Y’all. I’ve tried and tried to be nothing but supportive for OKDHS, but this email right here? It makes me want to OPEN UP A FREAKING CAN.

Because I don’t really see OKDHS comforting little boys who wonder why their life sucks. I don’t see OKDHS taking these little boys to the park. I don’t see OKDHS desperately creating sticker charts and reward systems to motivate little boys to follow the rules. I don’t see OKDHS rocking little boys when the rules simply don’t make sense and they can’t handle them. I don’t see OKDHS micro-managing where I take little boys to the doctor. I don’t see OKDHS giving one flip about the education of these little boys. I DO see us doing these things. We are the ones parenting these boys. We are the ones taking them to the park. We are the ones navigating them through the rocky sea that is their life. We should the the ones who make these important decisions too.

At the very least we should be allowed to give input.

At the very very least we should be treated with the same respect they expect us to treat them with.

And I could very well be taking this way too personally, but I just feel like this is a power grab and not one that really seeks for the best interests of the boys, but just a way to say, “I’m making this decision and you can’t change it. So there.”

This is foster care. And sometimes it makes absolutely no sense.


A Return to Sabbath Rest and Meals

I am possibly the worst technology offender in my house. On one hand, I don’t feel like I’m as dependent upon it as I probably am; on the other hand, I know I utilize it far more than I really need to. As we came home from our family Thanksgiving yesterday, I woke up this morning feeling like I could very well lose the day. I could get sucked into a waste land of Facebook and Pinterest and the like and give in to the perpetual, “Can we watch another movie?” request by any one of six kids in this house.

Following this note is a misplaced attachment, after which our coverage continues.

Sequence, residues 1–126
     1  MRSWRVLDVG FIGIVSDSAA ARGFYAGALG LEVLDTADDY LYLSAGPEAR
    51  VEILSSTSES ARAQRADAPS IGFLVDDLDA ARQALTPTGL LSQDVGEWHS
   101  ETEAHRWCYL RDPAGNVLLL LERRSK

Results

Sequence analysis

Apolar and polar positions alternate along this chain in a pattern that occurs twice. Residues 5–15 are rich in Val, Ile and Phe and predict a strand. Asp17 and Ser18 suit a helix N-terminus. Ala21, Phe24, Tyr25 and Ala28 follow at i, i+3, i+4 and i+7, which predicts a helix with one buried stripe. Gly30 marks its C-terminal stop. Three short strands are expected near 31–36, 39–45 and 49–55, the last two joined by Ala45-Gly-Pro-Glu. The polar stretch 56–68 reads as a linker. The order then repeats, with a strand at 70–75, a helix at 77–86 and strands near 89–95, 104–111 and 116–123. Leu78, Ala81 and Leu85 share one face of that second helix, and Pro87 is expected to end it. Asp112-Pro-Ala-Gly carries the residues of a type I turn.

And in truth, we did do a fair amount of that this morning. But sometime before lunch I decided: We needed to return to our old tradition of taking a media/electronics fast from 5pm Saturday to 5pm Sunday and bring back the intentionality of a thought-filled meal time. Now then, I didn’t plan this well in advance and we had a lot of chili leftover from last night’s dinner, so I didn’t stress over the meal. I simply set the table as nice as I could for a chili supper and we gathered around to eat, pray, and read from the Bible together. And I discovered that really it isn’t the meal that sets the tone so much as it’s the intentionality that does. Chili on china communicates something far different that does chili served in a paper bowl.

I’m writing this post on Sunday night, so our media fast has come to an end for this weekend. It was a fairly fascinating exercise. Our kids played better together than they had in a long time. I was primarily concerned about the boys, but they just followed our lead and didn’t mind. The girls played Legos with them and they pulled out cards for some Nerts. Chloe did some extra baking. The girls decorated the Christmas tree. We read some books. I reorganized both the fridge and the pantry. Craig reorganized his study area and we shuffled around a lot of books. We even fired up our ancient victrola for a bit.